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Info on choosing and caring for make-up brushes
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montrealgal
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Mon Feb 26, 2007 10:21 pm      Reply with quote
I've read a number of posts inquiring about caring for make-up brushes and thought I'd share these links which have great info on brushes, especially cleaning them.

http://a-squirrel.com/

Here's what the site has to say about synthetic brushes:

Two most common synthetics used in makeup brushes today are Nylon and Taklon. Unlike natural hair, nylon and taklon do not have the scales or cuticle (see natural hair above) hence are not so 'absorbent' and will not 'trap' makeup media the way natural hair will. As such, taklon makeup brushes, which are usually orange or white in color, are commonly used as concealer brush or liquid or cream foundation brush. Taklon is used as a more affordable substitute for Sable but lacks durability as it tends to 'fan out' and become stiffer with each use. Nylon, on the other hand, is commonly used for eyebrow groomer or eyebrow brush as it is harder than Taklon. <snip>

Unlike natural hair makeup brushes, which get softer and softer with each use, synthetic cosmetic brushes tend to get stiffer with use. With modern advanced technology, the manufacture of synthetic makeup brushes has become more and more sophisticated and may one day give their natural counterparts a run for the money! But for now, natural hair makeup brushes are still the choice of professional makeup artists and other makeup brush connoisseurs or makeup divas at large!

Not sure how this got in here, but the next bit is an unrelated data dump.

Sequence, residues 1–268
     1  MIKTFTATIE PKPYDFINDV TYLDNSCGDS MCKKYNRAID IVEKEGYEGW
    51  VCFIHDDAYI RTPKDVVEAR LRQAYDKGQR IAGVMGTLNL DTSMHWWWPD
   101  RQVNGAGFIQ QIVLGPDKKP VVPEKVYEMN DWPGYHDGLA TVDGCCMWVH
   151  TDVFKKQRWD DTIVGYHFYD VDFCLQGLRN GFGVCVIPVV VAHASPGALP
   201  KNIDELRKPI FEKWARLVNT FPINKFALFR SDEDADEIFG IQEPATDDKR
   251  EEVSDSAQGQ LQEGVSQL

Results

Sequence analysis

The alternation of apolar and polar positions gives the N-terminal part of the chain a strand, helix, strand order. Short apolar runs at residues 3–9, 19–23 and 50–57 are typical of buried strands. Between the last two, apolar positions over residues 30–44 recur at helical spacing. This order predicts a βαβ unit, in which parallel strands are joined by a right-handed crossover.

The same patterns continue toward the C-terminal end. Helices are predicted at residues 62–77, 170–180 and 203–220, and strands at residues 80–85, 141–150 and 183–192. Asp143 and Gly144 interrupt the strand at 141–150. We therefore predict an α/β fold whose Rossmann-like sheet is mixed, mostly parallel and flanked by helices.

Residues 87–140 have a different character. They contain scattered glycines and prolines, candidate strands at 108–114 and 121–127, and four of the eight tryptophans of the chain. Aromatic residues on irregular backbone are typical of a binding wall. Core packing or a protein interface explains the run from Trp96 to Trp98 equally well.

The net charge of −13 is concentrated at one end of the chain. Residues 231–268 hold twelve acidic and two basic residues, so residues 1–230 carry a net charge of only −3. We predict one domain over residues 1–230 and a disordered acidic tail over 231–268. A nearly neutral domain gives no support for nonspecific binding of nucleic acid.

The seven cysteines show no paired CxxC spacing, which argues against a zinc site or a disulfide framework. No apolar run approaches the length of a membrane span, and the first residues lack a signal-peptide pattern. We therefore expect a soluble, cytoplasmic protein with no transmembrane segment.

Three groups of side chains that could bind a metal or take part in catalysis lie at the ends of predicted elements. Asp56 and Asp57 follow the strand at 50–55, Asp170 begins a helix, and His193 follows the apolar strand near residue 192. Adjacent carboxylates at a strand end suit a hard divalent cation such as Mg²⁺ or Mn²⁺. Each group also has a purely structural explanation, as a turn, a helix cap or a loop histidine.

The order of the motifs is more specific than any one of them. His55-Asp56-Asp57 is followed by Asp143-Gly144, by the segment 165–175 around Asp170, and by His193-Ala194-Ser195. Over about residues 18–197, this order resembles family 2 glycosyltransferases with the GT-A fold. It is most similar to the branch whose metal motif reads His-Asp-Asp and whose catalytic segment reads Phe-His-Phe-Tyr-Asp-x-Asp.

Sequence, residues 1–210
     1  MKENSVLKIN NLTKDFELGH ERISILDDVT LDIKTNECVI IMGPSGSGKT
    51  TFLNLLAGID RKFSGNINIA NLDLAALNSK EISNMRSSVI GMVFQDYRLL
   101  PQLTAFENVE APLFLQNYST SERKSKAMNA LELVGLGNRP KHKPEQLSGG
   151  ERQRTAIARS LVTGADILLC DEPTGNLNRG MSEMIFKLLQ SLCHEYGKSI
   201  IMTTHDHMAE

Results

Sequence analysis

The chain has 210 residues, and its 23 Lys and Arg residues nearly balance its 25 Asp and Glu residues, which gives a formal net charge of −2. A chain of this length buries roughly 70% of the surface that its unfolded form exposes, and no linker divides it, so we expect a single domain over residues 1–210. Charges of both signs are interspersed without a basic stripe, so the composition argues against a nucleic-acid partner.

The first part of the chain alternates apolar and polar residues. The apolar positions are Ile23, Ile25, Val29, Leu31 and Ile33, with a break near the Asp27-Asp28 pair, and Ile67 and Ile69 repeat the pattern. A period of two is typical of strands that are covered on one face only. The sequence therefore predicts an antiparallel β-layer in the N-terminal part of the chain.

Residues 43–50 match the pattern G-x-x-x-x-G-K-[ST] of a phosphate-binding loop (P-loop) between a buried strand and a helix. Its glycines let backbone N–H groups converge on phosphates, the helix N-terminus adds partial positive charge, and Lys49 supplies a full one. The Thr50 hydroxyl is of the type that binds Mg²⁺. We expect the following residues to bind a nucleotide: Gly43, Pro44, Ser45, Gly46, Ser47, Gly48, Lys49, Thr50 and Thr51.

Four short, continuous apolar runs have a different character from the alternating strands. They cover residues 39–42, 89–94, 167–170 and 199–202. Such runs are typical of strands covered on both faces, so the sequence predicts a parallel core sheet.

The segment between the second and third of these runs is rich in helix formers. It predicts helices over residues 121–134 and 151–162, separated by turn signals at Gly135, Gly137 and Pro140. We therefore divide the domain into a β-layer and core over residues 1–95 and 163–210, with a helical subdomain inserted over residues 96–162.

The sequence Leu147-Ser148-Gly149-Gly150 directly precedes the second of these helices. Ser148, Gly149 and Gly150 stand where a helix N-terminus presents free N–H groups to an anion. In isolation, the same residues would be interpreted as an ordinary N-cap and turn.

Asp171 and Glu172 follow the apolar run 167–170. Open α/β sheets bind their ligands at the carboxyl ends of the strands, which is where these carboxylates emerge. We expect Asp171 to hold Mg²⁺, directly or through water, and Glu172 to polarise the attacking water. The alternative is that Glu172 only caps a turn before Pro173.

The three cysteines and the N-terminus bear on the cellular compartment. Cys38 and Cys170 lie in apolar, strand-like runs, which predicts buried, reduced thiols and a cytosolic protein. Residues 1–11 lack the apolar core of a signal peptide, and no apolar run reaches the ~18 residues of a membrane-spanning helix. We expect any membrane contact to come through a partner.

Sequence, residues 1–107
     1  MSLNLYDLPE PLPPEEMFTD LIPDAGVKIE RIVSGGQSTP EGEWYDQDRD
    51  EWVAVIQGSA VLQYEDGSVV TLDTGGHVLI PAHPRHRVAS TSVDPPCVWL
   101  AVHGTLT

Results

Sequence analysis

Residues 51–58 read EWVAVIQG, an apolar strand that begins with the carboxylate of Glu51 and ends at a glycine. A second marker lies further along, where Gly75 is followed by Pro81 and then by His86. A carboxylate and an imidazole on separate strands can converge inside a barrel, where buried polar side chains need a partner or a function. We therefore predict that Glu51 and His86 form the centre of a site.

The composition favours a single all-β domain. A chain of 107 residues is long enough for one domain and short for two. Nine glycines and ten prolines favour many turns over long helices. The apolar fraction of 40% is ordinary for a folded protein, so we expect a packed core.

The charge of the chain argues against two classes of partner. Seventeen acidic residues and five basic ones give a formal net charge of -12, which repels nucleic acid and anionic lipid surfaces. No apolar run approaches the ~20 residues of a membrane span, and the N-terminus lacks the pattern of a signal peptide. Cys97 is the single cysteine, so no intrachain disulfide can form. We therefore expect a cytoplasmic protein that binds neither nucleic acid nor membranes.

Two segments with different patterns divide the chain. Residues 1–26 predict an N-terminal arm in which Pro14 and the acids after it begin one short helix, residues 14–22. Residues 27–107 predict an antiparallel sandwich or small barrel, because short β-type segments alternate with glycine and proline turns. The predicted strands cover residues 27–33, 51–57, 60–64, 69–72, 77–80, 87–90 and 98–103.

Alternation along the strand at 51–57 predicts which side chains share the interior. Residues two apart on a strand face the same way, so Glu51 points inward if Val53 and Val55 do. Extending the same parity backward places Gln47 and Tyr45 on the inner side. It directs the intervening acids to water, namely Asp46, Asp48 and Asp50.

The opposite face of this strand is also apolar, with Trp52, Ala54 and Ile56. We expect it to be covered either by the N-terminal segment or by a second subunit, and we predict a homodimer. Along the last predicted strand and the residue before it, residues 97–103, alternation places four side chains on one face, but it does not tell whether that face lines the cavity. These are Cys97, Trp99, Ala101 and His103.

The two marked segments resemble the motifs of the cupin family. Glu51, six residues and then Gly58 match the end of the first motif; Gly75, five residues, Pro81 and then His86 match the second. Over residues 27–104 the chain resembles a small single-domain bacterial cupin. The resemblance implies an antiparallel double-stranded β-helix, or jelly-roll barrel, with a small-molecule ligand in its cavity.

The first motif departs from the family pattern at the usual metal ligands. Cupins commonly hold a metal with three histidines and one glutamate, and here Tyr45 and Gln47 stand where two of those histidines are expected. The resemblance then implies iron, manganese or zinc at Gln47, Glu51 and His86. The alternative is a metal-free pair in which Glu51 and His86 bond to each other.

(Also check out the site's info on cleaning and drying brushes.)

http://www.janeiredale.com/janesguide/jg_brushes_care.html

I got these great tips from this site:

To condition the brush hair, follow the same procedures as cleansing or put a drop of conditioner into a beaker, fill with water and dip the brush head in it. This will replace the electromagnetic charge of the hairs, ensure their softness and prevent dryness and breakage. Rinse the conditioner out thoroughly using cold water.

Create a ring with the index finger and thumb. Pull the brush through the fingers while applying pressure. This will remove the excess water and maintain the shape of the brush.

(I've been doing this for a few washing and my brushes do feel softer and have kept their shapes.)

hth
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Mabsy
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Thu Mar 01, 2007 8:29 am      Reply with quote
Thanks for posting these links Montrealgal! I actually have many of A'Squirrel's brushes and they are lovely and so soft! I wash them on a regular basis but haven't needed to condition them for a while - I will try this though. I used to use hair conditioner to do this but somehow stopped.

Also, before I forget, the #1 "no no" in taking care of brushes is apparently getting water into the ferrule of the brush. This, over time, weakens the glue and makes the brushes shed. So, make sure that water flows down the brush when you're rinsing (i.e. with the hairs) and also don't dip it for too long (or maybe not too deep rather).

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lisaroberts
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Thu Mar 01, 2007 8:55 am      Reply with quote
Wow! What an informative site. I have bookmarked it for later viewing. The only thing I can add is that I keep a small (toaster oven sized) cooling rack under the sink in my bathroom. After I wash my brushes, I let them "air dry" on the cooling rack. This allows the air to go around the brushes and thoroughly dry. hth someone

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Thu Mar 01, 2007 2:32 pm      Reply with quote
I agree with a lot of the info on the A'Squirrel site, but I disagree with two things:
1) A'Squirrel claims it's normal for brushes to shed the first few times they are used. I disagree--- my high quality brushes like Alima, Urban Decay, BB, etc have never shed a single hair. I consider this to be a mark of a very fine brush, and as such I consider brushes that shed a bit at first to just be lower in quality.